The State Board of Education (SBOE) met in Austin this week to discuss its regular agenda. This meeting was heavily administrative with the board receiving ethics training and revising its processes for standards revision and instructional materials review panel selection. One committee also received a lengthy progress report on school safety from the Texas School Safety Center.
Of particular interest to our union were items concerning charter schools. One item was related to the “no-contact” rule for charter applicants. This rule prevents applicants from contacting SBOE members prior to their public hearing in an effort to prevent lobbying by those groups. Charter PACs and supporters invested heavily in SBOE races in 2022 in an effort to smooth the way for additional charter operators to get state dollars. This rule review will be the first test of whether or not supporters of real public schools can hold the line against predatory charters moving into our state. (We are also closely following a bill in the Legislature, HB 2890, that would require a two-thirds vote rather than a simple majority to veto a charter application.)
The board also received an update on the Generation 28 charter applications. Somewhere between 8-11 applications will move forward and receive a capacity interview in May before the commissioner of education makes his final recommendations to the SBOE. The board will vote to approve or deny these applicants at its June meeting.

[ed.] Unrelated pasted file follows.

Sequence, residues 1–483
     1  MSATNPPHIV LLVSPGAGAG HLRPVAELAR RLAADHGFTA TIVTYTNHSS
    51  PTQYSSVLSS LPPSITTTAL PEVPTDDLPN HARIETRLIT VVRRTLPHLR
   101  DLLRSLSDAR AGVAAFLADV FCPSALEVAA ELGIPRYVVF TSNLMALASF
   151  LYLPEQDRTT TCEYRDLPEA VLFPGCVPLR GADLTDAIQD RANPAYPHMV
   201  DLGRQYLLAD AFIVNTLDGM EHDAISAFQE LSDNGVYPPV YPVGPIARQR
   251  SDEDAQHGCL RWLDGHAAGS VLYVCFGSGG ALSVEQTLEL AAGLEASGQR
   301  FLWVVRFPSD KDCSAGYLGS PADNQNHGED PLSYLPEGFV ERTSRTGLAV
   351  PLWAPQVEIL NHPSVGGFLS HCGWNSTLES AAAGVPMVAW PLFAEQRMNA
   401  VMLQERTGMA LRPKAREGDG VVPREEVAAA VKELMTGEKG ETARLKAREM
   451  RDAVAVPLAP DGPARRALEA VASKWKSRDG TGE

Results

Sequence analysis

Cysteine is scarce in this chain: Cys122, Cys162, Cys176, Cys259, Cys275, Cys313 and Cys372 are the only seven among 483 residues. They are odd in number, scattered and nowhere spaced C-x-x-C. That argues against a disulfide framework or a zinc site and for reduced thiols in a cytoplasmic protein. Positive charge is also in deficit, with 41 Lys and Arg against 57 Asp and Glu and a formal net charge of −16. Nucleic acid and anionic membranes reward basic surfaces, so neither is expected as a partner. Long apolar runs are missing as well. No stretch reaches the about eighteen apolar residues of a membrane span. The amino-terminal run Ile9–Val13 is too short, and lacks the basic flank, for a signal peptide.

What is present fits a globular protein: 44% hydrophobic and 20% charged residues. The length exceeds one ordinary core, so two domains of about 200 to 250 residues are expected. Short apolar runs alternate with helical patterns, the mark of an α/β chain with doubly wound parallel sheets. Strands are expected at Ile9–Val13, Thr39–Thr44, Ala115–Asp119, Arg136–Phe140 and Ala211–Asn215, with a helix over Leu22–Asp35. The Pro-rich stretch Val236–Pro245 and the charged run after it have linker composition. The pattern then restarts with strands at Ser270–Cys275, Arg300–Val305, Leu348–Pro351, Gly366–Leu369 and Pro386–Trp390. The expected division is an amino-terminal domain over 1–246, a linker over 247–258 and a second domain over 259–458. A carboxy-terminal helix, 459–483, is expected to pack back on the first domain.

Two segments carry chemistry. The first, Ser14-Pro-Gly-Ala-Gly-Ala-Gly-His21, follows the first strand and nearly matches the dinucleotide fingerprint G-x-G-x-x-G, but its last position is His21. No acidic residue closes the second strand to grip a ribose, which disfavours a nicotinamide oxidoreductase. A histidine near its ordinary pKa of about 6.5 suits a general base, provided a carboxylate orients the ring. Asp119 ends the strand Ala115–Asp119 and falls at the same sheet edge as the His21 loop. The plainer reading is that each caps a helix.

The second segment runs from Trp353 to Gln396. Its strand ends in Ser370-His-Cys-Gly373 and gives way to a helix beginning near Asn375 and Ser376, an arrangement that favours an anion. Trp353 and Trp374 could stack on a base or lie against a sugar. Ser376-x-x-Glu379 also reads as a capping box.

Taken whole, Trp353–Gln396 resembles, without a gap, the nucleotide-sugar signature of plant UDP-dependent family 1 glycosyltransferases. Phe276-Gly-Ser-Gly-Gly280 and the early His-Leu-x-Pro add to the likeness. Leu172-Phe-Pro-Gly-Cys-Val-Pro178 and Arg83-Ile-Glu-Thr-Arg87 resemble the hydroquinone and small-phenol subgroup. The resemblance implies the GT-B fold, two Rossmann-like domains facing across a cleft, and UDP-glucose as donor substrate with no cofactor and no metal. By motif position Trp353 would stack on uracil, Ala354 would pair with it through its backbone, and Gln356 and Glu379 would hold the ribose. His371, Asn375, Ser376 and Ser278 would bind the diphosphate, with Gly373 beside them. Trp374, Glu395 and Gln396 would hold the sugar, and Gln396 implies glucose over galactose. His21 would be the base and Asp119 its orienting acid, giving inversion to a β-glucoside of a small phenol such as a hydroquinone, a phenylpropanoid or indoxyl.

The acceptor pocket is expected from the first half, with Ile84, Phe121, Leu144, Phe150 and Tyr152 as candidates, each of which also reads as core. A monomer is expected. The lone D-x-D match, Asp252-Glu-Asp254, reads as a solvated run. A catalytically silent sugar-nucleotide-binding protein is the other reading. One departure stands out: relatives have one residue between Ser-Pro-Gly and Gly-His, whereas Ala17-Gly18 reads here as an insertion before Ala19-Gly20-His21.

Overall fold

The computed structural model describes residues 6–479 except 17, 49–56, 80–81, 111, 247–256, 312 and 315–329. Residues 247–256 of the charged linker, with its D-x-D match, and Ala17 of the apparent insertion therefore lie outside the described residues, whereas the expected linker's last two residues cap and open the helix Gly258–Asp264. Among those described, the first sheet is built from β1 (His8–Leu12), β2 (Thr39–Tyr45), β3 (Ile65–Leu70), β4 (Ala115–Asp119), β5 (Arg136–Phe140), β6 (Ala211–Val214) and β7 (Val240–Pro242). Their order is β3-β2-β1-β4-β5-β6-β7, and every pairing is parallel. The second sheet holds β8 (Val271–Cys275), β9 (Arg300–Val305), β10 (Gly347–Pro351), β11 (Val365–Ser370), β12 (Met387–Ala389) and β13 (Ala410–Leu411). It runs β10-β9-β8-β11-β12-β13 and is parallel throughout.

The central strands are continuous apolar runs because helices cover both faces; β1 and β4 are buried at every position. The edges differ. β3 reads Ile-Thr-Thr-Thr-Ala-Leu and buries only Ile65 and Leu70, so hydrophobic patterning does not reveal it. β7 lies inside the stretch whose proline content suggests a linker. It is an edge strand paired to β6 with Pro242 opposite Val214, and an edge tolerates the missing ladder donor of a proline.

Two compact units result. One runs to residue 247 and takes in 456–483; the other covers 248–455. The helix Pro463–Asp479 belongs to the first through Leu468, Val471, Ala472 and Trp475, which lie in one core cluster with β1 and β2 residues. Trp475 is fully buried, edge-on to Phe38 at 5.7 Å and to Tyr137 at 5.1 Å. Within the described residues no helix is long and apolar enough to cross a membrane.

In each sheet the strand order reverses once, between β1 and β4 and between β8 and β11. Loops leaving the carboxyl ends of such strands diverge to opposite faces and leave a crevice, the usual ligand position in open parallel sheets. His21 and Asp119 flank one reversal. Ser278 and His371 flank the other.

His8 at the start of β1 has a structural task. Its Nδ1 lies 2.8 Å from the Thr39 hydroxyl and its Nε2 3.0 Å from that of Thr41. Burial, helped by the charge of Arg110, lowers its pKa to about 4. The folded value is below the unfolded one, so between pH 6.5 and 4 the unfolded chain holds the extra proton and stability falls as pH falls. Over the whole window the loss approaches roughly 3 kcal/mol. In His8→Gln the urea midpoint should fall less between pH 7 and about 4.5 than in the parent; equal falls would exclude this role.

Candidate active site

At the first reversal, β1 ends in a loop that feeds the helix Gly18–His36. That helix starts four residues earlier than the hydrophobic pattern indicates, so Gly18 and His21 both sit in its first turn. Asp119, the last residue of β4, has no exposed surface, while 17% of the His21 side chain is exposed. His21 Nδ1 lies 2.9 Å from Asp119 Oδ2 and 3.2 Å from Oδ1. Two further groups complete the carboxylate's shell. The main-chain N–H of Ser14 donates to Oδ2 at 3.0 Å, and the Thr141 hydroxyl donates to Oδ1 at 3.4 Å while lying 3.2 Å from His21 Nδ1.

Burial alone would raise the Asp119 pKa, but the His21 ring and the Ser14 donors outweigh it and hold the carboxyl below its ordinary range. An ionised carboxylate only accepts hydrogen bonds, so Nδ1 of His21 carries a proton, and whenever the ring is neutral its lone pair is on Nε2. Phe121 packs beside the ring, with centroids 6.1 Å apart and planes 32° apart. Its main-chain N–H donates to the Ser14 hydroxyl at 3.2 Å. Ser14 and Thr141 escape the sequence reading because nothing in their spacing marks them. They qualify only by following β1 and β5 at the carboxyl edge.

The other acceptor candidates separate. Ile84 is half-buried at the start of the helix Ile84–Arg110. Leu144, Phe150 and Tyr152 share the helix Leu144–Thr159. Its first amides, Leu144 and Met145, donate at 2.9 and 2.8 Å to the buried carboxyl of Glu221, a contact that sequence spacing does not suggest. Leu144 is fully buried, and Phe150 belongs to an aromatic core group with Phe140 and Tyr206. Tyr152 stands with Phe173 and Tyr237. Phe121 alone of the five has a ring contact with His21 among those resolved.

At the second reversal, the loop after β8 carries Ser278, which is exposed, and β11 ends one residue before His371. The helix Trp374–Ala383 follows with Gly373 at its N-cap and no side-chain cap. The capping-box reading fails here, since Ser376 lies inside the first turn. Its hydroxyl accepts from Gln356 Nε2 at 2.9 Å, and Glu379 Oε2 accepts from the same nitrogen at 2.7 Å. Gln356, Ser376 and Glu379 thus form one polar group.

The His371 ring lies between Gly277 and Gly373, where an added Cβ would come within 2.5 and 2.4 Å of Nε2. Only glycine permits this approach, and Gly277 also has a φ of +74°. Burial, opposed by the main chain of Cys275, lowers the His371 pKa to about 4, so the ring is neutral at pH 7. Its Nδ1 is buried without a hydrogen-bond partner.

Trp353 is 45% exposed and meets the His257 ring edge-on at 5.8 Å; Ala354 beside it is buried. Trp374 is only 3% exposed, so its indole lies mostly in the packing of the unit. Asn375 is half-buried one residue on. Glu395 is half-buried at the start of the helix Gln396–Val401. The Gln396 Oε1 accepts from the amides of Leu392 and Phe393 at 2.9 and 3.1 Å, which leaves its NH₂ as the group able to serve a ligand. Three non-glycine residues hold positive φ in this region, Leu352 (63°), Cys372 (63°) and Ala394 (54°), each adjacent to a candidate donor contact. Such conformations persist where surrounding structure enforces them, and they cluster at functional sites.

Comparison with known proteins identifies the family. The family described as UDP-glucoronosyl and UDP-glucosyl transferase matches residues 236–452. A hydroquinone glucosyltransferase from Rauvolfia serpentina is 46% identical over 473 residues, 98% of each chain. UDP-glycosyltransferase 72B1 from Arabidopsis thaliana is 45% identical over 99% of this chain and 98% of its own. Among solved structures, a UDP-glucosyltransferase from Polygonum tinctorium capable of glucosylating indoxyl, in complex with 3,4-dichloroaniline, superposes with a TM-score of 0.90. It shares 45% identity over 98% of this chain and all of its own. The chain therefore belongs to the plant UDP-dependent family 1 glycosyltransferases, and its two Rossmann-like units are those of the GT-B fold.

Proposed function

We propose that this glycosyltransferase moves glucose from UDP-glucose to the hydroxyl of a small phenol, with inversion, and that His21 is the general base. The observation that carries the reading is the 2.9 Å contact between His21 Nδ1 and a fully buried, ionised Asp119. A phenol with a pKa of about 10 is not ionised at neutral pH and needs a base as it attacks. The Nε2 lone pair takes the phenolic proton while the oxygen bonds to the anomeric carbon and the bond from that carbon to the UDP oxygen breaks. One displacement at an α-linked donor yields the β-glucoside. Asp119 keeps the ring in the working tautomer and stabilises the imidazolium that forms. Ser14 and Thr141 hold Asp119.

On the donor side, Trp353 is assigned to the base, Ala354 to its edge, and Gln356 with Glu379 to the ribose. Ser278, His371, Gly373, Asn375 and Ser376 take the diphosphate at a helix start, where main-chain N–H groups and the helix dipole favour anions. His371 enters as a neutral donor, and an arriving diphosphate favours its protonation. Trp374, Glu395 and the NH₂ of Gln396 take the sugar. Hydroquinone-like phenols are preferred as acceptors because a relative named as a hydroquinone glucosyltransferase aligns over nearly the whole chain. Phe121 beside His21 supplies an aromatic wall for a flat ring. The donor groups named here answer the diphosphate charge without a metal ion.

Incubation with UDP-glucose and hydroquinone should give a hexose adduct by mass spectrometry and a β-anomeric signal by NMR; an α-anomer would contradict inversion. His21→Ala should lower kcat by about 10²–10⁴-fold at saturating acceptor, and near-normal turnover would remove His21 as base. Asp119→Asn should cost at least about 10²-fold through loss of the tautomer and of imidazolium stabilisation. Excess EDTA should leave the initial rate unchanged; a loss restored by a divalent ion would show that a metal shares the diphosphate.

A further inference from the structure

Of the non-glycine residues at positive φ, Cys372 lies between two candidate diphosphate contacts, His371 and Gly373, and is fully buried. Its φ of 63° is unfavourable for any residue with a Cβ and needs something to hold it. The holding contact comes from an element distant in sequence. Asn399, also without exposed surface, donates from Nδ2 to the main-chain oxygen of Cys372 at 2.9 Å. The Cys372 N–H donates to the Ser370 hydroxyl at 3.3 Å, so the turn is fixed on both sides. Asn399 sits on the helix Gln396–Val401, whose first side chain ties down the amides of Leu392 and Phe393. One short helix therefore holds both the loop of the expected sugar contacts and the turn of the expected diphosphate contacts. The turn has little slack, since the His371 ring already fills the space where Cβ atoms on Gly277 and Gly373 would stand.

On Friday, the SBOE voted down a State Board for Educator Certification (SBEC) rule relating to the updated school librarian certificate. The board’s reasoning was that it contained references to the American Library Association (ALA) code of ethics that protects the right of privacy in what a student reads. The veto happened on a 10-5 party line vote. What was clear from this decision and other conversations in the various committee meetings throughout the week was that the newer, more conservative members are committed to preventing a non-existent “woke” agenda in Texas public schools.